We begin our analysis of this issue with a brief overview of the statutory section.   Title 6, Chapter 51 of the Tennessee Code contains the statutory provisions that govern municipal annexation.   The specific statute at issue in this case, Tenn.Code Ann. § 6-51-112 (1992 Repl.), delineates the options that are available when a municipality which owns and operates its own electric system annexes an area to which electric service is being provided by an electric cooperative.   Generally, this statute provides that the annexing municipality must either purchase the property and service rights of the electric cooperative, or, in the alternative, grant the electric cooperative a franchise to serve the annexed area.   Specifically, the statute provides, in pertinent part, as follows:

(a) Notwithstanding the provisions of any other statute, if the annexing municipality owns and operates its own electric system, it shall either offer to purchase any electric distribution properties and service rights within the annexed area owned by any electric cooperative, or grant such cooperative a franchise to serve the annexed area, as hereinafter provided․

(Emphasis added).   If an annexing municipality which owns and operates its own electric system chooses to purchase the property and service rights of the electric cooperative, the statute sets forth the formula which must be utilized to determine the fair purchase price.  Tenn.Code Ann. § 6-51-112(a)(2) (1992 Repl).   In the event the annexing municipality chooses to grant a franchise to allow the electric cooperative to continue to serve the area, the statute sets forth the procedure which applies and provides that upon expiration of the franchise, the municipality may again exercise its option to purchase the property and service rights of the electric cooperative.  Tenn.Code Ann. § 6-51-112(a)(4) (1992 Repl.).   In the event a municipality contracts its boundaries to exclude an area previously served by an electric cooperative, the statute allows the electric cooperative the option of purchasing the property and service rights to the area it had previously served from the municipally-owned electric system.  Tenn.Code Ann. § 6-51-112(a)(5) (1992 Repl.).

This brief summary reveals that Section 112 is designed to govern the relationship between electric cooperatives and annexing municipalities which own and operate electric systems.   Neither Bradford nor South Fulton qualify as an annexing municipality which owns and operates its own electric system.   Accordingly, Section 112 simply is not applicable in this appeal.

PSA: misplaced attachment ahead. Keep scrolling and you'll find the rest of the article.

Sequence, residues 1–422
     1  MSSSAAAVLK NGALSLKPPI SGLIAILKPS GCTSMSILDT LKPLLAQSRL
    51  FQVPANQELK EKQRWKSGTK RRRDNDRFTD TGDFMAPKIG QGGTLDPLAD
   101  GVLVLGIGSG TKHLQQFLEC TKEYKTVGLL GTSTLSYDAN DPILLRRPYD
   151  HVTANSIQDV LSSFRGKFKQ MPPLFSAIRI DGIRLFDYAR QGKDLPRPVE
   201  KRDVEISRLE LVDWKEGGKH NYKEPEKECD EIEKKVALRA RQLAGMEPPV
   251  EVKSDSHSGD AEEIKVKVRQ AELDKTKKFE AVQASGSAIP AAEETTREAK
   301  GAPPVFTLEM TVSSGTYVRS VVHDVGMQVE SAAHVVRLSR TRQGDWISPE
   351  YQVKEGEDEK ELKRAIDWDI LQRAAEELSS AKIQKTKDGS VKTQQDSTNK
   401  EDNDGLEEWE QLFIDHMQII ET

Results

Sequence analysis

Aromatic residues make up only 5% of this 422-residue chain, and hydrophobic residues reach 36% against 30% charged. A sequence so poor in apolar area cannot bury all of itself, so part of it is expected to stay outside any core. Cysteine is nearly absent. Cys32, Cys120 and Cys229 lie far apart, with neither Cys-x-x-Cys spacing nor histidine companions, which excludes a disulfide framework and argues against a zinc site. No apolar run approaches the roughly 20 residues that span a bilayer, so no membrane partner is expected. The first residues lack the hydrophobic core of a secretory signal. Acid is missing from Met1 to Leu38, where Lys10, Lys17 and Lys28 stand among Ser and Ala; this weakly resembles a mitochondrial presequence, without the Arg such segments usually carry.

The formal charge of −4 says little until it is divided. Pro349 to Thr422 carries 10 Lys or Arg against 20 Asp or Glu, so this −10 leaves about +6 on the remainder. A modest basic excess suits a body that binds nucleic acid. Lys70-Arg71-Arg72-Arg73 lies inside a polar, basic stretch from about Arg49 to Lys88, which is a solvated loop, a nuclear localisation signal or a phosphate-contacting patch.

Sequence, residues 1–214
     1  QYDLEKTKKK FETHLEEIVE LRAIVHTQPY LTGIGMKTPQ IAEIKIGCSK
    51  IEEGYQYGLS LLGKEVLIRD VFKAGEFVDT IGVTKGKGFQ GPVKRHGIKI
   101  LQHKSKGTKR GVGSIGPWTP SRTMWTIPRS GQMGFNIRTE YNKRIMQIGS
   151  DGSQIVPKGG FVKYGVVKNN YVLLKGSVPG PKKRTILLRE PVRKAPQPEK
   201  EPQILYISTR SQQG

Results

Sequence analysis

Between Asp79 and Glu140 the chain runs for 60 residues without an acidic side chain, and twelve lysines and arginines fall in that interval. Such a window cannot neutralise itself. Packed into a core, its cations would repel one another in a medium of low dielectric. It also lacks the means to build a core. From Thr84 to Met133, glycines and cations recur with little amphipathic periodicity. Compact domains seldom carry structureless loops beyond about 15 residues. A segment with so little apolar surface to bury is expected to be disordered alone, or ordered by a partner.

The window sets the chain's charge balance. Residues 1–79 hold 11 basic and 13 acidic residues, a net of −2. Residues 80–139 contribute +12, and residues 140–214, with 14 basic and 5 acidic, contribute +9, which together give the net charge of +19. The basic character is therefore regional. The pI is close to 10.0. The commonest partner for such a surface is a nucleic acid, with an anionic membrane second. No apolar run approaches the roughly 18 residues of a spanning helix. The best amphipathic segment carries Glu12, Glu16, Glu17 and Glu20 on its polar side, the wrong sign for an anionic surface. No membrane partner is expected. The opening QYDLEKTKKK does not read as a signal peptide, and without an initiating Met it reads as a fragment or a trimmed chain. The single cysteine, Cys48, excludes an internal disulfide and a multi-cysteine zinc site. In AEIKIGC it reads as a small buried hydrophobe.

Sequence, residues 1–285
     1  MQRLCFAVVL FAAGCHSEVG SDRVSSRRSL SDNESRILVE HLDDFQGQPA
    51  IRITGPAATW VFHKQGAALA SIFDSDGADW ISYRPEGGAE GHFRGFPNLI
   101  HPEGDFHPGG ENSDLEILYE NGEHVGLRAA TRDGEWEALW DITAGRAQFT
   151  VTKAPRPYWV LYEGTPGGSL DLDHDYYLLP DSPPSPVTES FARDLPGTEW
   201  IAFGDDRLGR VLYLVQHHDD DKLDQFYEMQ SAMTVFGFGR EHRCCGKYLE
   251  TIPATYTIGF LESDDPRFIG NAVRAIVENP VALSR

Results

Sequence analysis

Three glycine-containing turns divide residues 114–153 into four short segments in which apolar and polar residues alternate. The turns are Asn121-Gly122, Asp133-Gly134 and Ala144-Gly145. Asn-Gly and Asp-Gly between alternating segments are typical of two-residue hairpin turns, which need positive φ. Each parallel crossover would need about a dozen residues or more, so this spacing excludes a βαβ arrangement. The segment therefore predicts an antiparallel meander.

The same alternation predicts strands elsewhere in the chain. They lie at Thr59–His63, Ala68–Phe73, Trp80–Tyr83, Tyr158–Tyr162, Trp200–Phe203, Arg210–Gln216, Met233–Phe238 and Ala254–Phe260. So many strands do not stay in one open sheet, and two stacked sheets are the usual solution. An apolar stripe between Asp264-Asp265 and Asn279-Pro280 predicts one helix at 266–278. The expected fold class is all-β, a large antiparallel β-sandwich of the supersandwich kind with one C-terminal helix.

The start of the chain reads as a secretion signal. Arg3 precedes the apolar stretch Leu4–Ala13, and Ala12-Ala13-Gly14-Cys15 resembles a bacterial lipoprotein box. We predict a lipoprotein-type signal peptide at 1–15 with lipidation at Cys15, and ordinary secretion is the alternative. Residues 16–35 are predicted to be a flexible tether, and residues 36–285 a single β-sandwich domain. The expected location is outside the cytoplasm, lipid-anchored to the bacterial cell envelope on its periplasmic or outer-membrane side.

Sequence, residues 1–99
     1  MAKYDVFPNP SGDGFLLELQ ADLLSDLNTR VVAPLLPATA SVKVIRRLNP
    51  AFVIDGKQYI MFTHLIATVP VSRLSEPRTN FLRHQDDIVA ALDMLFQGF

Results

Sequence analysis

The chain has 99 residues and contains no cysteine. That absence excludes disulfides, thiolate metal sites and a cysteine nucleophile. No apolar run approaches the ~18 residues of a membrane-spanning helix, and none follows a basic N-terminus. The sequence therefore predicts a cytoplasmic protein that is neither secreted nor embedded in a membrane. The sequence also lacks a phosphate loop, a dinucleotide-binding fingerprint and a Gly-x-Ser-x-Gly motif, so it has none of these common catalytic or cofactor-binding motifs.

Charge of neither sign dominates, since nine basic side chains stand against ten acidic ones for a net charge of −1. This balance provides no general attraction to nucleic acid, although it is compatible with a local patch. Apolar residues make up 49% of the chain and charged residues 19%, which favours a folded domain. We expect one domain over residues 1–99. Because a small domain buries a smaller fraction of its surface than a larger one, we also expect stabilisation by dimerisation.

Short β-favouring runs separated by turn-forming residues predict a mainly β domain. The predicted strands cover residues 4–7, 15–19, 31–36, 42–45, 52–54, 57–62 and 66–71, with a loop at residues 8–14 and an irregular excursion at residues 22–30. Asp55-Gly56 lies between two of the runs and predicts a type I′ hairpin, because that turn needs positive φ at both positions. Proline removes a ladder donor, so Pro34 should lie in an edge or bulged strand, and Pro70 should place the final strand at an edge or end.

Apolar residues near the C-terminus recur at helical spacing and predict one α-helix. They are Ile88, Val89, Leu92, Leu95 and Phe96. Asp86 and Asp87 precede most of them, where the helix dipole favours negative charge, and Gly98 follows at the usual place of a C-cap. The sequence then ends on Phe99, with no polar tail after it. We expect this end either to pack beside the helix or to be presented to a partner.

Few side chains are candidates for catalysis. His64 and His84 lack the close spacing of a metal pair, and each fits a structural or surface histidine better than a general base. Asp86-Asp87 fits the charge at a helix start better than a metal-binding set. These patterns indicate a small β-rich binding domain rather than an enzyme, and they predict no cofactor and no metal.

Contrary to Gibson's contention, Section 112 does not prevent all municipalities, other than those annexing municipalities which own and operate electric systems, from acquiring the property and service rights of an electric cooperative.   Section 112 contains no such limitation.   It simply does not apply to an annexing municipality which does not own and operate its own electric system.

Gibson also argues that it has a statutory right to continue to provide electricity to customers that it served on March 6, 1968, even if those customers are now within the boundaries of Bradford and South Fulton.   In support of this argument Gibson relies upon Section 112(a)(7) which provides:

The territorial areas lying outside municipal boundaries served by municipal and cooperative electric systems will remain the same as generally established by power facilities already in place or legal agreements on March 6, 1968, and new consumers locating in any unserved areas between the respective power systems shall be served by the power system whose facilities were nearest on March 6, 1968, except to the extent that territorial areas are revised in accordance with the provisions of this section.

Tenn.Code Ann. § 6-51-112(a)(7) (1992 Repl.).

In our view, Gibson fails to recognize that, like the other portions of Section 112, subsection (a)(7) simply is not applicable in this case.   As between annexing municipalities which own and operate electric systems and electric cooperatives, this provision appears to establish general priorities to new service areas lying outside municipal boundaries.   This dispute did not arise in the context of an annexation proceeding.   Bradford and South Fulton are not annexing municipalities which own and operate electric systems.   This appeal does not involve new service areas which lie outside municipal boundaries.   This statutory provision simply has no relevance or application in this appeal.   Instead it is designed to govern the relationship between electric cooperatives and annexing municipalities which own and operate electric systems.